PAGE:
In 1857 a slave revolt claimed the lives of 2,000 Piratinese, among slaves, landowners and farmers. This divided the country between those who defended slavery and those who were abolitionists. President Hercules, who was an abolitionist and a defender of land reform, ended up being pressured by the army not to carry out his reforms. Led by reactionaries, in 1860 General Diogo Paiva arrested Hércules Areño, and new elections were organized. Aristides Braga, an abolitionist from the Progressive Party, won the election, and despite threats from the army, he outlawed slavery in October 1865, after several attempts. Outraged, the military arrested and executed Aristides, in what is considered the trigger for civil war.
Second Republic (1865-1875)
The civil war lasted less than two years and ended on January 6, 1867, with the capture of the last rebel general. This led to a reform of the army to avoid further military interference in politics. However, the progressives' popularity declined after the war, and politics began to be dominated by the conservatives.
The greatest threat to Piratinese sovereignty arose in the middle of the civil war. The Paraguayan war started in 1865 with the Paraguayan invasion of Brazil and Argentina, and in April 1866 Piratini was also invaded by the Paraguayans. The reasons for the war are the Paraguayan quests for a coastal territory and dominance in the Río de la Plata. In June 1866 both the rebels and the loyalists of Piratini joined the Brazilian-Argentinian coalition. The Paraguayans managed to reach Porto Alegre but they failed to capture it. Following the arrival of Coalition forces in 1867, the Paraguayans were driven out of Piratini by 1868. Paraguay came to an agreement with Argentina in 1869, but Piratini, Uruguay, and Brazil continued to attack Paraguay until 1870 when the Paraguayan leader Solano López agreed to pay reparations to the coalition and renounce his claims.
The triumph made the conservatives even more popular, however, they would experience a sudden revolt in a couple of years.
Third Republic (1875-1928)
Piratinese soldiers of the 1898-99 War
In 1875 a liberal unrest captured the attention of the Piratinese population. Despite the good economic management of the conservatives, their discriminatory social policies, such as the ban on voting for non-whites, the impossibility of naturalizing immigrants, and the mandatory military service for these same immigrants caused discomfort. And so, the Rio Grande revolt on May 24, 1875, led by the Piratinese Reform Party, began. The revolt was supported by a large part of the population, who managed to make the conservative president resign on July 12, 1875. The revolt put Demétrio Henriques in power. Its first step was to reform the right to vote, including non-whites and immigrants, in addition to abolishing compulsory military service.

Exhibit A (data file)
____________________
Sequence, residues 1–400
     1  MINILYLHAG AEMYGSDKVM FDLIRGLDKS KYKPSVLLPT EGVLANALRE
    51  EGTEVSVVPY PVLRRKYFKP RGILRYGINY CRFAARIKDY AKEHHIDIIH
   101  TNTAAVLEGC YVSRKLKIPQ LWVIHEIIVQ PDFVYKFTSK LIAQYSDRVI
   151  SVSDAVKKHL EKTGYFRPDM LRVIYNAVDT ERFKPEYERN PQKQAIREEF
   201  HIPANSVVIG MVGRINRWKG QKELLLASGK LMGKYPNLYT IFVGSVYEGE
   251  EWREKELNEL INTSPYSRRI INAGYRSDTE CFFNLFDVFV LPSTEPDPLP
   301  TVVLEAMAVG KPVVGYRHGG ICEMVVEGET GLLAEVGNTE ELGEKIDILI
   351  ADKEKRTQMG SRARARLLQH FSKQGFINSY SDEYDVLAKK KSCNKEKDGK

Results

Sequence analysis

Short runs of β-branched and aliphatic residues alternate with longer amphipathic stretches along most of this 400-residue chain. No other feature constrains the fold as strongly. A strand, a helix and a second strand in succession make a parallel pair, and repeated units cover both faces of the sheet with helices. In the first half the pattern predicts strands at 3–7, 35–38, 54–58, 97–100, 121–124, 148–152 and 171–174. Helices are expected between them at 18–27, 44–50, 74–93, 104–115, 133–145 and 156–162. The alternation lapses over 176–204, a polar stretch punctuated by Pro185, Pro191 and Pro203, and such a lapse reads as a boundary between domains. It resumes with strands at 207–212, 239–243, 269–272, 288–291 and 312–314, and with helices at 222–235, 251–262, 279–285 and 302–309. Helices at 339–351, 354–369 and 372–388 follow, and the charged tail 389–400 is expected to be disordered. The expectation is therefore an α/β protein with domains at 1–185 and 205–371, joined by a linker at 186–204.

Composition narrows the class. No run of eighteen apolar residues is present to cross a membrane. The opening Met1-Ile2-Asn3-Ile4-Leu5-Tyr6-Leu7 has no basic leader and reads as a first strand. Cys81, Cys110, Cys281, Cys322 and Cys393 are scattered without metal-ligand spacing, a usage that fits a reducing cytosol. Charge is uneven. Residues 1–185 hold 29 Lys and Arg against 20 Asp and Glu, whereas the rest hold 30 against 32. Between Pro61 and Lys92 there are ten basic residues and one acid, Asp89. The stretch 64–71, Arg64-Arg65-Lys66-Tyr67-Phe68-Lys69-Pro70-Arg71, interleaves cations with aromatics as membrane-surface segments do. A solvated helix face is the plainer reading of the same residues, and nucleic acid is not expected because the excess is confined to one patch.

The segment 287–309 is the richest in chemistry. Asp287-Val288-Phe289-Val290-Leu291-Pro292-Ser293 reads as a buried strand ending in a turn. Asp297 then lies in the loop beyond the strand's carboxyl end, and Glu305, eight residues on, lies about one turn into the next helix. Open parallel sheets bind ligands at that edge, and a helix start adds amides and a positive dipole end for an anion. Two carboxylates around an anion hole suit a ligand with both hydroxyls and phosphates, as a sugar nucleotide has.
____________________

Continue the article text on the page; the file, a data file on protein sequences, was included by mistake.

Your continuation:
It was during this republic that the country began its industrialization, inaugurating the National Railway Network in 1878, in addition to civil and military factories in 1880. The country quickly became an industrial pole in South America, ahead of neighboring countries, all agrarian, with the exception of Argentina. Piratinese products rivaled those of Brazil and Argentina, and with industrial development came along social development. In 1888 the Gaucho University Network was inaugurated, in 1891 the National Institute for Development, and in 1892 the National Coal and Iron Company. In the year 1887, several reforms installed a maximum working day of 12 hours, and a tiny but sufficient minimum wage was instituted.
In 1898 a political crisis started in the Juliana Republic, and in an attempt to institute a president friendly to Piratini, Piratini invaded Juliana. The First Gaucho-Julianian War was short and ended nine months later, in June 1899, with the installation of a puppet president, who remained in power until 1920, when a populist revolution took him out of office. During his government, relations between the two countries were finally re-established.
The Fourth Republic remained relatively peaceful until the 1922 coup by Hugo Torres, a politician from the Frente Roxa, a reactionary party. Hugo created several reforms that made the country regress, such as the end of the minimum wage and daily maximum work hours of 14 hours. In 1927 Hugo decided to ban all opposition parties, which led to the Avenida da Praia revolt when socialist militants marched to the presidential palace and stormed the president's office. Many were arrested and some were killed, but the repression did not prevent a second civil war from starting in January 1928. The war was brief since 15,000 soldiers out of 20,000 joined the rebellion. In April, president Hugo fled to Brazil, and on April 25 Venâncio Rodrigues was proclaimed president.